His Father's Son

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His qualifications for the job were meager in the extreme: a few years covering Africa for Agence-France Presse. But that didn't stop President François Mitterrand from appointing the young man as his chief adviser on African affairs in 1986. For the nominee had one credential that really counted: he was the President's son. For the next seven years, Jean-Christophe Mitterrand crisscrossed Africa, hobnobbing with chieftains and businessmen and passing on messages from the President — hence his nickname, "Papa-m'a-dit" (Daddy told me). He also built up an enviable network of contacts that served him well when he left the Elysee Palace in 1992 to become a private consultant.

Today Jean-Christophe Mitterrand, 54, is under investigation for illegal arms trading and influence peddling. French justice officials have established that in 1997 and 1998 his Swiss bank account received payments totaling $1.8 million from a company called Brenco Trading International. Investigators believe this was a commission for introducing Brenco president Pierre Falcone — also under investigation — to Angolan authorities and thus facilitating the sale to Luanda of more than $600 million-worth of ex-Soviet bloc arms to be used in Angola's 25-year-old civil war. Mitterrand admits receiving the payments but says he merely advised Falcone on financial matters and knew nothing about arms sales.

Jailed Dec. 21, Mitterrand was freed last week on $715,000 bail. In interviews following his release, he claimed the investigating judge was motivated by "hatred" just because of his illustrious surname. Supporters charge the judge with abusing preventive detention and violating Mitterrand's right to be presumed innocent. All this, of course, skirts what should be the central point of this debate: the breathtaking bankruptcy of public ethics in France.

The whole political class — left and right — is currently rocked by investigations into alleged party financing irregularities, bribery, influence peddling and tax evasion. On the right, magistrates are looking into kickbacks on municipal contracts awarded when Gaullist President Jacques Chirac was mayor of Paris. Former Gaullist Interior Minister Charles Pasqua has been questioned about suspected financial links to arms dealer Falcone. On the left, Socialist former Foreign Minister Roland Dumas goes on trial this month for allegedly arranging a sinecure for his mistress with a state-owned oil company and accepting part of the exorbitant commissions she received. Ex-Finance Minister Dominique Strauss-Kahn, also a Socialist, faces trial this year for allegedly forging documents related to an $85,000 payment he received from a student health insurance fund.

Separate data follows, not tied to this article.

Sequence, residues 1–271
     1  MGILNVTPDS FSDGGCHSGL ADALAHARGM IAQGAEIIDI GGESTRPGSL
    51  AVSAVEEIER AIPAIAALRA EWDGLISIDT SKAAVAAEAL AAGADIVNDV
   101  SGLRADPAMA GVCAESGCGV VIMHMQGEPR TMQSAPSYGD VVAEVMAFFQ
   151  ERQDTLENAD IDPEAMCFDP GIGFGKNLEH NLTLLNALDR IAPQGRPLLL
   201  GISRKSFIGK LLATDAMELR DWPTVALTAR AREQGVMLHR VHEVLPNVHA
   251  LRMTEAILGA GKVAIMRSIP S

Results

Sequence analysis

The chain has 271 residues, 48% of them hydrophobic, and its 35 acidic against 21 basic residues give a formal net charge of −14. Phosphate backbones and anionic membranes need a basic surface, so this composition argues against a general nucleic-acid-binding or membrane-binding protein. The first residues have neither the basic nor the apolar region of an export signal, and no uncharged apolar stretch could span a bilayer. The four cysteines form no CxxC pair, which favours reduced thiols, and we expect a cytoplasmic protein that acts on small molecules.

All of this pales in comparison to the shenanigans that went on during the Mitterrand era, a historical low point for public probity in France. No one has ever proved that the late President lined his own pockets, but his entire career was built on a cynicism that took him from early success as a collaborationist Vichy official to an opportunistic conversion to the Resistance and, finally, his takeover of the French Socialist movement as a stepping-stone to power.

Once elected in 1981, Mitterrand surrounded himself with cronies whose ethical standards were minimal. Fascinated by the roguish charm of self-made businessman Bernard Tapie, Mitterrand named him Minister of Urban Affairs in 1992, only to see him embroiled in judicial probes that eventually sent him to prison for rigging a soccer match and found him guilty of tax evasion. The President's best friend and financial backer, Pierre-Patrice Pelat, would likely have been indicted in a major insider trading scandal had he not died in 1989. Pelat also made an undeclared loan to Mitterrand's Prime Minister, Pierre Beregovoy, who committed suicide in 1993 after the deal was made public. François de Grossouvre, who among other things arranged to house and protect Mitterrand's mistress and their daughter at public expense, blew his brains out in his Elysee office after losing favor with the President. In this sulfurous atmosphere, is it any wonder Jean-Christophe Mitterrand might see nothing wrong with turning contacts he made on the public payroll into personal gain? Or that he admittedly didn't bother to report his Swiss-held earnings to French tax authorities?

Clearly, no one should assume Mitterrand committed a crime unless he is found guilty in court. But the fact that former public officials like him, Dumas and Strauss-Kahn, are passing before the judges is a sign of how far France has come. For too long, people in high places assumed they were untouchable. Yet as French justice becomes increasingly independent of political control, the old rules are changing. That's bad news for the Old Guard — but good news for France.